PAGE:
McMillen pitted against Bentley Revised map gives Cardin a more favorable district.

September 20, 1991|By John Fairhall | John Fairhall,Evening Sun Staff

Making a significant change, the governor's congressional redistricting panel has approved a new plan that would pit Republican Rep. Helen D. Bentley against Democratic Rep. Tom McMillen.

A key member of the panel, House Speaker R. Clayton Mitchell Jr., predicted last night that the legislature would approve the plan in a special session that begins Wednesday.

And Gov. William Donald Schaefer, who had threatened to veto an earlier plan, "has indicated he would be supportive" of the new plan, said Ronald M. Kreitner, director of the state Office of Planning.

Compared with the earlier plan approved by the panel, the new one favors Rep. Benjamin L. Cardin, D-3rd, at the expense of McMillen, D-4th. It also appears to help Reps. Steny H. Hoyer, D-5th; Beverly Byron, D-6th; and Wayne T. Gilchrest, R-1st.

The panel met behind closed doors and voted 3-1 for the plan last night, with former state Del. Donna M. Felling voting against the plan because it divides Baltimore County into five congressional districts. Senate President Thomas V. Mike Miller Jr., another key member, was in Ireland when the panel met.

The plan replaces a controversial one the panel approved Aug. 20. Although both plans carve up Bentley's Baltimore County-based 2nd District, the new plan places a large area now represented by Bentley in McMillen's 4th District.

McMillen's district under the new plan would consist of about 413,000 Anne Arundel County residents and 184,000 Baltimore County citizens, including people living in an area extending from Essex and Dundalk to Timonium.

Under the Aug. 20 plan, McMillen's district would have included much less of Baltimore County, primarily parts of Essex and Dundalk.

The change increases the likelihood that Bentley would oppose McMillen instead of Cardin because the new plan adds Bentley supporters in Baltimore County to McMillen's proposed district and strengthens Cardin.

Cardin's district under the new plan restores areas in Howard and Baltimore counties that he would have lost under the Aug. 20 plan.

"I'm extremely pleased, obviously, with those changes," Cardin said, adding that the new plan also appears to favor the Baltimore area by ensuring representation by three members of Congress.

Bentley's home is in McMillen's 4th District and she said today she could beat him -- if the legislature approves the plan and she decides to run for Congress again. She has said she is considering a run next year against Sen. Barbara A. Mikulski, D-Md. "I have no problem beating McMillen," she said.

Although she said the new plan is better for her than the previous one, she complained, "It still splits Baltimore County into five districts; it splits my district into four parts.

L "I don't think it's going to fly," Bentley said of the plan.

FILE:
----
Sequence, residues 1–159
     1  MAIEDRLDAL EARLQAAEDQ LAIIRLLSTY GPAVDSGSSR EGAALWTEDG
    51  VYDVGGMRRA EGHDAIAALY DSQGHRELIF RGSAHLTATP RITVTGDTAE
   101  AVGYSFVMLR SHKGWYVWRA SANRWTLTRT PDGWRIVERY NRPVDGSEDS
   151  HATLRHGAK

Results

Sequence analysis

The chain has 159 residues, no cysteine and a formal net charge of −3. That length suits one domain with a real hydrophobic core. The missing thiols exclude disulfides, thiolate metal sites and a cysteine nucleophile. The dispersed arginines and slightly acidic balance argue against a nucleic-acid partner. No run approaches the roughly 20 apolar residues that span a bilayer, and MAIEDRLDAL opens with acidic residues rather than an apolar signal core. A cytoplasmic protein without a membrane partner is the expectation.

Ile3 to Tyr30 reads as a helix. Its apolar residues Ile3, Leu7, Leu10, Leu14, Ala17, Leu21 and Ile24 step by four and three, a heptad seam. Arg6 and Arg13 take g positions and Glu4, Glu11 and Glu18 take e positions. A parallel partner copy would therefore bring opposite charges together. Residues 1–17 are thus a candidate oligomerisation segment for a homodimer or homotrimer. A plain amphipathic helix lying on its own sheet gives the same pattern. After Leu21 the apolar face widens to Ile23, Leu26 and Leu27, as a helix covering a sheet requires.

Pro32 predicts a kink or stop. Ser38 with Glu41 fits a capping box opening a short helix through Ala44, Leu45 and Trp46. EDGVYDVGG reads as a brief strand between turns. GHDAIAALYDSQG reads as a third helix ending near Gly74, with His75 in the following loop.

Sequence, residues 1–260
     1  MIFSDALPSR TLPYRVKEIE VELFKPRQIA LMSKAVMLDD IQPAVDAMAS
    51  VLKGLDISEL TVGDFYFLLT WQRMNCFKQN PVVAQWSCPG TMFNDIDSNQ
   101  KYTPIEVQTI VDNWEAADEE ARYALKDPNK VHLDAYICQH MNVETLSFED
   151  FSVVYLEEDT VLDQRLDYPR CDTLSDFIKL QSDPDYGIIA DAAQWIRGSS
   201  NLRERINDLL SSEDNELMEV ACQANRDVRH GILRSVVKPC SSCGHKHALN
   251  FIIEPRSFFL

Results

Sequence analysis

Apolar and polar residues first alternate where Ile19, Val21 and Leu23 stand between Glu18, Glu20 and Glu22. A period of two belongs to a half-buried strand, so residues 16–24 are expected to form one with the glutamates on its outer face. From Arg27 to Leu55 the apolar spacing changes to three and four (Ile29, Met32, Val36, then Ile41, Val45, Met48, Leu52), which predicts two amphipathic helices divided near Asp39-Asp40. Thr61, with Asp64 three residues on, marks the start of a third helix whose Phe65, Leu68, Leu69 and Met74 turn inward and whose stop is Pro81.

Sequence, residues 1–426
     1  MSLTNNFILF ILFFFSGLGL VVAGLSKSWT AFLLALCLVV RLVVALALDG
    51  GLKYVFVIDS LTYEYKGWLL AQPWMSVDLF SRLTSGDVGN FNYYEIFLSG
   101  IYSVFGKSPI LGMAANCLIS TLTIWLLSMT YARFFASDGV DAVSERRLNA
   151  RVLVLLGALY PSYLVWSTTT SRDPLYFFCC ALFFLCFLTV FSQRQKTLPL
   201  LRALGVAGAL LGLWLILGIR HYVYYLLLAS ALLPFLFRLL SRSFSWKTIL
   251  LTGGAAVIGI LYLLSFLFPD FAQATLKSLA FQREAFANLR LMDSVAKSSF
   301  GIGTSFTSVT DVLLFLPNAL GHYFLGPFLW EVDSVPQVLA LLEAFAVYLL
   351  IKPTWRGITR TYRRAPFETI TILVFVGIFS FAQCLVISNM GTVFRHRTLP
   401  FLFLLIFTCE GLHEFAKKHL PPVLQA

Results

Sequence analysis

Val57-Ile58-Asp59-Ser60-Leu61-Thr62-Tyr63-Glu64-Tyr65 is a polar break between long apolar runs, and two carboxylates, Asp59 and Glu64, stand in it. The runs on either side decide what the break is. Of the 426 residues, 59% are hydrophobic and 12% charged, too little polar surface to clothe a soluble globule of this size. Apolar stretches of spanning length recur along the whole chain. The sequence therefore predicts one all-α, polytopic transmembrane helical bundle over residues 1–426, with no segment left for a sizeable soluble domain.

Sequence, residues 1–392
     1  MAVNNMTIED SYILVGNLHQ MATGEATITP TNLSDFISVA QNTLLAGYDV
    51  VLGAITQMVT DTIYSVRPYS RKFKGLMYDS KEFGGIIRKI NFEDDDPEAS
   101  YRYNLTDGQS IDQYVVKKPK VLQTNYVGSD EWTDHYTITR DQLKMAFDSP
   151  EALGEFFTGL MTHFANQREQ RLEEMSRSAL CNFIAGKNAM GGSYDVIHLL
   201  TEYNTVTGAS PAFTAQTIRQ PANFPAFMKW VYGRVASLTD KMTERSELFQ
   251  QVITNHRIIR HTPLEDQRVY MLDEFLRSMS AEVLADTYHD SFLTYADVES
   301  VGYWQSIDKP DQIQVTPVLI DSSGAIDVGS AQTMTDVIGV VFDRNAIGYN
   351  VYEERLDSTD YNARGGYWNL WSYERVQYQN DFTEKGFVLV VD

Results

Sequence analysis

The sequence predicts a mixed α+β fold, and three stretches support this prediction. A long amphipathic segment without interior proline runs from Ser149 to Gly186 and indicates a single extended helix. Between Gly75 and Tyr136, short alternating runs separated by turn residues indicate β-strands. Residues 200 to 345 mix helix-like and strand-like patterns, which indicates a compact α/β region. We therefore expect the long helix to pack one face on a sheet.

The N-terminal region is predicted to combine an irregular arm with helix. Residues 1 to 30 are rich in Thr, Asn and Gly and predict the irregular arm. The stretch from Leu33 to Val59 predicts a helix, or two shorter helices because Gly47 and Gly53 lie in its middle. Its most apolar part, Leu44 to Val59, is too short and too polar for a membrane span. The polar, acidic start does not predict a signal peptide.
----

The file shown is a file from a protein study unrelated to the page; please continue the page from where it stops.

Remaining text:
McMillen could not be reached, and his press secretary declined to comment.

Panel members say the new plan attempts to resolve complaints about the earlier one.

The Aug. 20 plan upset Baltimore County politicians because it divided the county among five districts. City officials also opposed it in the belief that the Baltimore area would lose congressional representation.

Harford County officials were appalled because the county would have been split between Western Maryland and Eastern Shore districts.

Some Montgomery and Howard County officials also criticized the plan.

By contrast, the new plan puts all of Harford County into the 1st District and returns Columbia to Cardin's district. This may mollify Byron, who was furious that the Aug. 20 plan stretched her Western Maryland district into Harford County. Her district under the new plan ends in Baltimore County.

Hoyer also appears to be a beneficiary, getting what would likely be a supportive area of Montgomery County added to his district. Gilchrest benefits because the panel has given up its goal of pairing him with Bentley in a matchup of the state's two Republican representatives.

Above all, the new plan appeases its most influential critics: Cardin, who fought hard to keep his district mostly as it is now and head off a challenge from Bentley; and Schaefer, who is friends with Bentley and wanted the area around the Port of Baltimore in one district.

Although Baltimore County remains divided five ways, Felling said the new plan "is the best plan in maintaining the level of integrity for Baltimore County." She didn't elaborate.

Baltimore County residents would be split this way in the new plan: 208,000 in Cardin's 3rd District; 127,600 in Rep. Kweisi Mfume's 7th District; 71,000 in Gilchrest's 1st District; 99,000 in Byron's 6th District; and the 184,000 in McMillen's revised 4th District.

Mitchell said the new plan is "probably more palatable to more people." He and other panel members suggested that the new plan is better for McMillen than the Aug. 20 version because it has a greater proportion of registered Democrats, 62 percent compared with 57 percent in the first plan.

But that overlooks the fact that the new plan gives Bentley a much more solid base in Baltimore County from which to attack McMillen.

Conflict was inevitable from the start of the redistricting process. The panel decided early on to create a new largely black district in Prince George's County and move the white congressman representing Prince George's, Hoyer, to a district based in Southern Maryland. That necessitated putting two incumbents together in a district.

Nor will the new plan satisfy everyone, Mitchell conceded. "There's going to be a lot of complaints about this," he said.

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